Some towns of New York and areas of New York City, once part of the colony of New Netherland have names of Dutch origin, such as Brooklyn (after Breukelen), Flushing (after Vlissingen), the Bowery (after Bouwerij, construction site), Harlem (after Haarlem), Coney Island (from Conyne Eylandt, modern Dutch spelling Konijneneiland: Rabbit island) and Staten Island (meaning "Island of the States"). The last Director-General of the colony of New Netherland, Pieter Stuyvesant, has bequeathed his name to a street, a neighborhood and a few schools in New York City, and the town of Stuyvesant. Many of the towns and cities along the Hudson in upstate New York have placenames with Dutch origins (for example Yonkers, Hoboken, Haverstraw, Claverack, Staatsburg, Catskill, Kinderhook, Coeymans, Rensselaer, Watervliet). Nassau County, one of the four that make up Long Island, is also of Dutch origin. The Schuylkill river that flows into the Delaware at Philadelphia is also a Dutch name meaning hidden or skulking river.[citation needed]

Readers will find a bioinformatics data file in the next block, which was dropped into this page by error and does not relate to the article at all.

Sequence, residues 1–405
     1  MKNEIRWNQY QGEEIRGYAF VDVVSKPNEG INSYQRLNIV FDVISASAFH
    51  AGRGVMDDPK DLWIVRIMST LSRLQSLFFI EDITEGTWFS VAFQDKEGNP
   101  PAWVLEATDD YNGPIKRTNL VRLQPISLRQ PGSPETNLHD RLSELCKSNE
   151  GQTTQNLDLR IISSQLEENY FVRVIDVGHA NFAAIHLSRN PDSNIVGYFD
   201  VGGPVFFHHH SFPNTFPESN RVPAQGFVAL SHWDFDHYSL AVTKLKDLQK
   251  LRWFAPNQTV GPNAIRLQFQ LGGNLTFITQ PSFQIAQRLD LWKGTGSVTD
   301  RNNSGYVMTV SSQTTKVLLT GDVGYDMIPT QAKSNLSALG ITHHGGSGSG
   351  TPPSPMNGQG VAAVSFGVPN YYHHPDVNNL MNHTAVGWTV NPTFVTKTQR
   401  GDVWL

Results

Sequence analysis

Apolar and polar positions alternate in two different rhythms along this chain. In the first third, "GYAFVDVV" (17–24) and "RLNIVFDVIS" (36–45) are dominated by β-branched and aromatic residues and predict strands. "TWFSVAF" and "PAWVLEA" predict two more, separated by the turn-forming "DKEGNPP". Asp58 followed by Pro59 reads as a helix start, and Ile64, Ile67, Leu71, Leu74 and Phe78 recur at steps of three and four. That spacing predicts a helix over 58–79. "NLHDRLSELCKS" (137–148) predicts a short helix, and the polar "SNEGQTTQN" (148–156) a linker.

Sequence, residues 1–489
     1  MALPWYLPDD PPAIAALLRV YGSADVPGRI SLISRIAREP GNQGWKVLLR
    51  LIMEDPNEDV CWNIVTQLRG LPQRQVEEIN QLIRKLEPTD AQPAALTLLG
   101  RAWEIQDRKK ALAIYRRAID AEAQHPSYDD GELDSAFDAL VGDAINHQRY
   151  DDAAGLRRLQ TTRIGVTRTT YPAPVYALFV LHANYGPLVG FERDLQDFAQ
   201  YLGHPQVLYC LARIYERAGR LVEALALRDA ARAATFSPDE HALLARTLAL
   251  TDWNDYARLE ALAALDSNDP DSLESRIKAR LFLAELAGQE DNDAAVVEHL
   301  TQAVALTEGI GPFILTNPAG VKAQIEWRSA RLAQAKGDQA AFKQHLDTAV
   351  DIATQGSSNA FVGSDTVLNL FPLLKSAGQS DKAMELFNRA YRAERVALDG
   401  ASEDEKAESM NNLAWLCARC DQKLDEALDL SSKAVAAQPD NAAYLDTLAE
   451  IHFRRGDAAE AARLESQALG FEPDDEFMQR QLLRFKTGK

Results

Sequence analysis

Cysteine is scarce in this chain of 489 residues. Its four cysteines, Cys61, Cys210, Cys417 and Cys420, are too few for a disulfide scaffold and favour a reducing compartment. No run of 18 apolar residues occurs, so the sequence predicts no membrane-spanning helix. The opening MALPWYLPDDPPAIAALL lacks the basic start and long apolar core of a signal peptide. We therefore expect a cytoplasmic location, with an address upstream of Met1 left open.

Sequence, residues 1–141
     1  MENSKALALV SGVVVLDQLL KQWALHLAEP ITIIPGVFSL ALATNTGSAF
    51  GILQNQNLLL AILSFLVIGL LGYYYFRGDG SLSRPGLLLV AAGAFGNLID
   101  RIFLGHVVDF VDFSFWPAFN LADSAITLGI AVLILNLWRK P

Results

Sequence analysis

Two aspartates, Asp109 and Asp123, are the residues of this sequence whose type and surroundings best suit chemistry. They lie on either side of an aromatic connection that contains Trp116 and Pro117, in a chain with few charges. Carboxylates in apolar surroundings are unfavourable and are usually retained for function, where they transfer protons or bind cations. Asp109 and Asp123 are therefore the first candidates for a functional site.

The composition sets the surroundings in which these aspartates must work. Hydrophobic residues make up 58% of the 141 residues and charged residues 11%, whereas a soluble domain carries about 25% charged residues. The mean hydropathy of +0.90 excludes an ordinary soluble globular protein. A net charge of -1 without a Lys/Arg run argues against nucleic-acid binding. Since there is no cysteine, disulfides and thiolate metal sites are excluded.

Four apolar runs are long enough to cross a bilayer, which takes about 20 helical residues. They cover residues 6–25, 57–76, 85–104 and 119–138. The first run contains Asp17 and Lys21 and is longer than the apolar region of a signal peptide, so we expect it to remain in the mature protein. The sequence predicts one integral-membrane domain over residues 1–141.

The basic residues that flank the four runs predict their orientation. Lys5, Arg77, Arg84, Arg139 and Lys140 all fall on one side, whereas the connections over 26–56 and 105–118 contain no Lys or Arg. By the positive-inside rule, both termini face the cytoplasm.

Many towns and cities in Suriname share names with cities in the Netherlands, such as Alkmaar and Groningen. The capital of Curaçao is named Willemstad and the capitals of both Saint Eustatius and Aruba are named Oranjestad. The first is named after the Dutch Prince Willem II van Oranje-Nassau (William of Orange-Nassau) and the two others after the first part of the current Dutch royal dynasty.[citation needed]

Many of South Africa's major cities have Dutch names i.e. Johannesburg, Kaapstad, Vereeniging, Bloemfontein and Vanderbijlpark.[citation needed]

The country name New Zealand originated with Dutch cartographers, who called the islands Nova Zeelandia, after the Dutch province of Zeeland.[99] British explorer James Cook subsequently anglicized the name to New Zealand.[d]